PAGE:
Fishers hold “Jogging and Biking vs Dolomite Dumping” protest; call to stop the project
Manila, Philippines — Militant fishers group Pambansang Lakas ng Kilusang Mamamalakaya ng Pilipinas (PAMALAKAYA) held a “Jogging and Biking vs Dolomite Dumping” protest at Manila Baywalk in Roxas Boulevard on Friday.
The group was opposing the Department of Environment and Natural Resources’ (DENR) “beach nourishment” project through dump-filling of dolomite “white sand” along the 500-meter stretch of Baywalk.
During the protest, PAMALAKAYA warned that the dump-fillig of “white sand” could be a prelude to reclamation, which is “destructive to the marine environment and livelihood of the fisherfolk”.
“What we fear is not only the health issues being raised by experts, but this project might be in preparation for full-scale commercialization and privatization of Manila Bay to complement several reclamation projects. Grand sellout of Manila Bay means massive displacement of coastal communities and widespread environmental destruction,” Fernando Hicap, PAMALAKAYA National Chairperson said during the protest.
The fishers group has been criticizing the “ill-conceived” project which they said is “basically irrelevant and never mentioned” in the 2008 Supreme Court mandamus directing several government agencies to rehabilitate and restore Manila Bay.
“There was rehabilitation and there was restoration but there was never beautification. Top-ranking officials of the DENR should keep that in mind,” Hicap added.
Refuting the DENR that dolomite materials pose no harm to the environment, PAMALAKAYA said that filling of non-endemic substance in Manila Bay would basically disrupt its ecosystem.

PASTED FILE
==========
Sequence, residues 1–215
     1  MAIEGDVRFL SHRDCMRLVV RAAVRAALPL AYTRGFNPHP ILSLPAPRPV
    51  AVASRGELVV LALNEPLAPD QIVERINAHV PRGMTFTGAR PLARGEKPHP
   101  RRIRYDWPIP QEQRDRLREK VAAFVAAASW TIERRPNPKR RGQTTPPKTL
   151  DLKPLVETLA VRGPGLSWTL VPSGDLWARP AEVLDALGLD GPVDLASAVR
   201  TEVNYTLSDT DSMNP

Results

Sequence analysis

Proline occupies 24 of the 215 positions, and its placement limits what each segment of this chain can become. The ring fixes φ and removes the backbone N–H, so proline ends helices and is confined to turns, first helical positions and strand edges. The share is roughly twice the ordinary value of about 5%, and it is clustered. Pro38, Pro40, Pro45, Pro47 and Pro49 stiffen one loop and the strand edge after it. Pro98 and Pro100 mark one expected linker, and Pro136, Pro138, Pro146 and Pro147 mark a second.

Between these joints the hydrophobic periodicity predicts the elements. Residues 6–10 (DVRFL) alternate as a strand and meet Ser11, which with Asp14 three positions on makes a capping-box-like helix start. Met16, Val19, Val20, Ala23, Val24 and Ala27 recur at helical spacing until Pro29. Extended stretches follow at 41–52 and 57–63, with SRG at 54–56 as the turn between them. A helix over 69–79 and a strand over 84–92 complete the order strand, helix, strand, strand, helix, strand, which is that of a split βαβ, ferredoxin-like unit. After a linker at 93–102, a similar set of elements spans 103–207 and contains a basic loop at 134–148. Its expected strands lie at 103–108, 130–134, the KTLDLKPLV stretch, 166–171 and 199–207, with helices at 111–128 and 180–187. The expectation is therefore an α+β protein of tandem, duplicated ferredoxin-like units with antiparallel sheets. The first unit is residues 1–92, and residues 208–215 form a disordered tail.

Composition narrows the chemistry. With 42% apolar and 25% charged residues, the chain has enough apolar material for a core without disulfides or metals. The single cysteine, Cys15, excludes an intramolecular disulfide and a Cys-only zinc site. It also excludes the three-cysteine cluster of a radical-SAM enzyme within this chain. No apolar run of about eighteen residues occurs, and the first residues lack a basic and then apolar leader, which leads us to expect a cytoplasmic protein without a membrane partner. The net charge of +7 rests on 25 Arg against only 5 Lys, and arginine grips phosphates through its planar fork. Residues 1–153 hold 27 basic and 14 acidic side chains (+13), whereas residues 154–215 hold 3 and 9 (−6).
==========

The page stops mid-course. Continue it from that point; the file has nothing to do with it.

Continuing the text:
“Take the country’s largest lake for example; proliferation of alien species in Laguna de Bay causes disbalance to its fishery and aquatic resources,” Ronnel Arambulo, PAMALAKAYA leader based in Rizal province explained.
Arambulo said that the invasion of knife fish, janitor fish, and snake turtle in the 90 thousand-hectare brackish water causes depletion of its endemic fish such as the ayungin, biya, common carp, among others.
Another case of destructive impact of non-endemic species is in the waters of Bacoor City, where the proliferation of a different variety of mollusk locally called as “bahong” outnumbers the traditional shellfish such as mussels and oysters, and is difficult to sell due to its low quality; thus considered by many fishermen as pest and invasive.
PAMALAKAYA reiterated its demand to “terminate the project as it would not benefit the environment and moreover, threatens the livelihood of thousands of fisherfolk across Manila Bay”.
“We demand the DENR to completely terminate the project or face loads of complaints over transgression of environmental laws. This ridiculous and nonsense project should immediately stop and dump the remaining “white sand” into the trash bin of stupide ideas,” Hicap asserted.
Joining PAMALAKAYA were various environmental organizations such as the Nilad, Climate Change Network for Community-based Initiatives (CCNCI), People’s Network for the Integrity of Coastal Habitats and Ecosystems (NICHE), Baseco People’s Alliance (BPA), and the militant party-list Anakpawis. ###